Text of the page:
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Serious About Success, Part 2

What is success?

In Part One, I looked at some of the factors I have observed as being vital to success. I’ll continue with these shortly, but first it’s worth examining what actually constitutes ‘success’. If you aren’t able to picture what success means to you, then how can you ever shoot for it? If you want to be ‘bigger than Amazon’, or ‘the world’s best-selling author’, it’s just possible these are unrealistically high goals to set. But success is scalable and once you get this message embedded in your mind, the steps to reach success are definitely achievable. Success is not what other people measure in you, it’s what you assess in meeting your own goals. If you happen to have bought yourself a Lamborghini with your earnings, then this might signal ‘success’ to everyone else, but if your plan was to have a garage full of Lambos, then you may be feeling disappointed!

There is no ‘gold standard’ for success, and the only person who can decide on the criteria for success is you. People who pursue success should have a clear idea of what it means for them, at every point on their journey. This isn’t about daydreaming, but a very positive visioning exercise where you project forward to specific points in your career, or the lifespan of your startup business. Every time you reach one of those points, you have become successful.

Baby steps, giant leaps

This step-by-step approach underpins everything I teach in my coaching sessions and business life. Don’t expect to reach the mountain peak in one day, but take many small steps to get there! Neil Armstrong’s “Giant leap for mankind” when he walked on the moon was truly the result of millions of small steps – including some catastrophic miss-steps – which preceded his historic success.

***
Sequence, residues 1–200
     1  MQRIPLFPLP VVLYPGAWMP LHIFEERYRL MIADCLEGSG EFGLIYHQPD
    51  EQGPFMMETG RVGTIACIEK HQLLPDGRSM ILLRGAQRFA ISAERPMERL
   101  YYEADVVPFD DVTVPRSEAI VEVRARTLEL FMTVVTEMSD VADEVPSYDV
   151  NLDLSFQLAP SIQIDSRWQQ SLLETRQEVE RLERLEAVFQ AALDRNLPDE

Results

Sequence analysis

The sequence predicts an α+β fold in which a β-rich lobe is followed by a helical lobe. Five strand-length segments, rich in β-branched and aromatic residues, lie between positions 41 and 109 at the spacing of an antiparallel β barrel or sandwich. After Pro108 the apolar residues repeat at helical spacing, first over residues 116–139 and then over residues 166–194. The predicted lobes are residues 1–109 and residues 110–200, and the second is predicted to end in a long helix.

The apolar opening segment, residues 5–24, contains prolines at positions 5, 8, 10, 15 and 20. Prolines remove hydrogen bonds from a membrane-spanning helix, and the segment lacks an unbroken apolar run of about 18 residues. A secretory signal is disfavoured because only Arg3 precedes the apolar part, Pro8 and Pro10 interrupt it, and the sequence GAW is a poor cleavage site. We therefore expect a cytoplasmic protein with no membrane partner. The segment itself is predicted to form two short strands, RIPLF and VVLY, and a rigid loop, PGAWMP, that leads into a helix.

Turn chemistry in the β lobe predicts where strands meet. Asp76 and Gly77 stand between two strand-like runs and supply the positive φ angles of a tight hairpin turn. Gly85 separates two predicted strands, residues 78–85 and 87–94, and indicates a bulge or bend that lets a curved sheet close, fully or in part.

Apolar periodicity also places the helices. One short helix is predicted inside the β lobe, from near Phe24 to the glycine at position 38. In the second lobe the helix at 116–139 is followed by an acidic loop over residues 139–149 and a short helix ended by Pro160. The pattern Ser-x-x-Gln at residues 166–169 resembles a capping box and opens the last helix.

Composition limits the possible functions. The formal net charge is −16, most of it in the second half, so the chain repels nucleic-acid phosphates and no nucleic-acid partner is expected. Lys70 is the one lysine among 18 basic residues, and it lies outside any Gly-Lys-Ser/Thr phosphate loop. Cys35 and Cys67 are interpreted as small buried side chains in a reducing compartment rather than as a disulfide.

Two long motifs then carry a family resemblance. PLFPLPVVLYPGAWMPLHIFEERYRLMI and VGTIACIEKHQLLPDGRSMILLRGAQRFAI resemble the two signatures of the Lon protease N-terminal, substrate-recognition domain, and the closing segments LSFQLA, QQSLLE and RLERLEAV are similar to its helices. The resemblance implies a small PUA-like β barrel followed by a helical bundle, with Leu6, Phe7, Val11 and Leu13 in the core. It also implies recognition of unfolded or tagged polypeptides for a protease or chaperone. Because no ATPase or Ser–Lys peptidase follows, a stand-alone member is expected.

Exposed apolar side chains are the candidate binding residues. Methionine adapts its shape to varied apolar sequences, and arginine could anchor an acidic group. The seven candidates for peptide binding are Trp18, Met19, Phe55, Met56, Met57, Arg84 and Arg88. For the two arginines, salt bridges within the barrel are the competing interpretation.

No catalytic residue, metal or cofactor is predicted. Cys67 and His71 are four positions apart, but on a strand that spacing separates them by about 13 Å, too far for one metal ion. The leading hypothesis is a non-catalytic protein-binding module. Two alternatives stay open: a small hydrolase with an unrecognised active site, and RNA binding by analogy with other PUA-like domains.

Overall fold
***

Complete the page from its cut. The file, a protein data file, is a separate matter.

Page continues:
My 6 Steps Coaching Program analyses the steps necessary to create startup success for any business, by continuously breaking down the process into stages, and small repeatable steps. The idea of repetition is important in all learning, because very few of us ever ‘get’ a concept on just one hearing. So baby steps are needed, in business as in any other discipline, and it’s only after some time that it’s possible to look back and see how far you’ve travelled.

For example, you have no experience of running, but you decide to run a long distance race. Great, but don’t immediately register for the New York marathon! Start by regularly running around the block, and then as you get stronger, around the park. When you’re beginning to feel good, register for a fun-run, and after that maybe try a half marathon… Eventually the prize of competing in a full race will come, after which you’ll maybe start working on your rankings, step by step decreasing your time, and running your way into the elite group. (Then later you can aim at the Olympics, and hey, why not a gold medal too?)

When a child says, “I’m going to be an Olympic gold medal winner when I grow up,” that’s a wonderful dream, and kinda cute. Some children even go on to do exactly that. However by the time we reach adulthood, and are starting up our own businesses, it’s no longer cute to merely dream of success – you have to put in the work. A significant part of that work is taking repeatable, verifiable baby steps, because that’s ultimately the only way you’ll then get to make the giant leaps.

Self, selfish, selfless

Talking about buying Lambos and the illusion of ultimate success suggests that in essence many entrepreneurs are only in it for themselves. I recognize that many leaders in all walks of life are indeed very driven people, and that’s why I place self-confidence highly in my listing of qualities which help promote success. However self-belief can easily shade into selfishness, where your own interests take precedence over other people’s. We’ve all met bosses who put themselves way above the needs of their employees, and ultimately that is not a mark of success. If you have to push people so hard in order to achieve your aims, then you’re doing something wrong.